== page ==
In some people, childhood trauma can interact with genotype to increase the risk of stress-related disorders such as depression or post-traumatic stress disorder (PTSD) in adulthood, but the molecular mechanisms remain unclear. The authors of this paper report that polymorphisms in the FK506 binding protein 5 (FKBP5) gene interact with early trauma to produce long-lasting epigenetic changes that increase the risk for such conditions.

FKBP5 forms part of a negative-feedback loop that regulates glucocorticoid receptor activity, and so may perturb the stress response system, leaving people vulnerable to stress-related disorders such as PTSD.

A functional polymorphism altering chromatin interaction between the transcription start site and long-range enhancers in the FKBP5 gene, increased the risk of developing stress-related psychiatric disorders in adulthood by allele-specific, childhood trauma-dependent DNA demethylation in functional glucocorticoid response elements of FKBP5.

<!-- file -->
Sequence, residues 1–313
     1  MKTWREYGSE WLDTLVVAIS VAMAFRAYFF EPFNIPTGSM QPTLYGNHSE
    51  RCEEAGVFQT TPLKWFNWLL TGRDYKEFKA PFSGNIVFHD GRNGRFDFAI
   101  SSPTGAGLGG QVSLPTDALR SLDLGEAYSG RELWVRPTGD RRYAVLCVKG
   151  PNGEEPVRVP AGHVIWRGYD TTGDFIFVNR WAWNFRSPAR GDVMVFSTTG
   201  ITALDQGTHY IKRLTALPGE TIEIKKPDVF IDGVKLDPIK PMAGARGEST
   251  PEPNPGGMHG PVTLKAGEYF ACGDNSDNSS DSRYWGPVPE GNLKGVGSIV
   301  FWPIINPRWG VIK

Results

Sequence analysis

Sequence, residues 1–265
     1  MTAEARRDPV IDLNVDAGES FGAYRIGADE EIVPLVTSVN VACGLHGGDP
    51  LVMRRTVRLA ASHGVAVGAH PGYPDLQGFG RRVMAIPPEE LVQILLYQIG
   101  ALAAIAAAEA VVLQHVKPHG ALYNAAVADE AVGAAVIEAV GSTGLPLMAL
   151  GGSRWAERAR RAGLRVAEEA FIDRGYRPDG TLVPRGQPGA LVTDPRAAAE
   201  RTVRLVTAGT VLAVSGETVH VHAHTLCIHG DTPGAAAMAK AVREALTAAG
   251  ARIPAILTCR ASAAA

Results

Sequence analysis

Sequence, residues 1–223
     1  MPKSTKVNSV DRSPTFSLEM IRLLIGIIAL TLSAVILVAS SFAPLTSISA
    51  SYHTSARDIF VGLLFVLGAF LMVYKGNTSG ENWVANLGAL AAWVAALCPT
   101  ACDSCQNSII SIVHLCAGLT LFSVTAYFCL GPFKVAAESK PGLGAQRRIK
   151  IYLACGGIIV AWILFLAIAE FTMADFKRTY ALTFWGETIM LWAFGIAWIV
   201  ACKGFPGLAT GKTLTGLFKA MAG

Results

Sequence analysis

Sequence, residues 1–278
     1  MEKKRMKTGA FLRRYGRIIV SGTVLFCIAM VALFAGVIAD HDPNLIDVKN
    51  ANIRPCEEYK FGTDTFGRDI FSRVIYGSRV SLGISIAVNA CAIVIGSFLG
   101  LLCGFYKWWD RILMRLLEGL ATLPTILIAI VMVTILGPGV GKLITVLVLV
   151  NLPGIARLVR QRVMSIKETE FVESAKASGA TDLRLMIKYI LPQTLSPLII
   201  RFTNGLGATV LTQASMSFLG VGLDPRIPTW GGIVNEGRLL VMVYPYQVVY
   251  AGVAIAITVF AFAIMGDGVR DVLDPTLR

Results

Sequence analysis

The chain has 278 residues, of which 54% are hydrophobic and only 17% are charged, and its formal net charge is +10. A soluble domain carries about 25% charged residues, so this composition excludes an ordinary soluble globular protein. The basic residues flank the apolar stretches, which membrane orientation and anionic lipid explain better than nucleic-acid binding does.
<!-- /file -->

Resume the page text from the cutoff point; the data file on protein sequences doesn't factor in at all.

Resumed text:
This demethylation was linked to increased stress-dependent gene transcription followed by a long-term dysregulation of the stress hormone system and a global effect on the function of immune cells and brain areas associated with stress regulation. The authors feel that these molecular pathways may be useful for future therapeutic strategies.

Klengel T, Mehta D, Anacker C, Rex-Haffner M, Pruessner JC, Pariante CM, Pace TW, Mercer KB, Mayberg HS, Bradley B, Nemeroff CB, Holsboer F, Heim CM, Ressler KJ, Rein T, Binder EB: Allele-specific FKBP5 DNA demethylation mediates gene-childhood trauma interactions.  Nature Neuroscience 16(1): 33-41 (2013).

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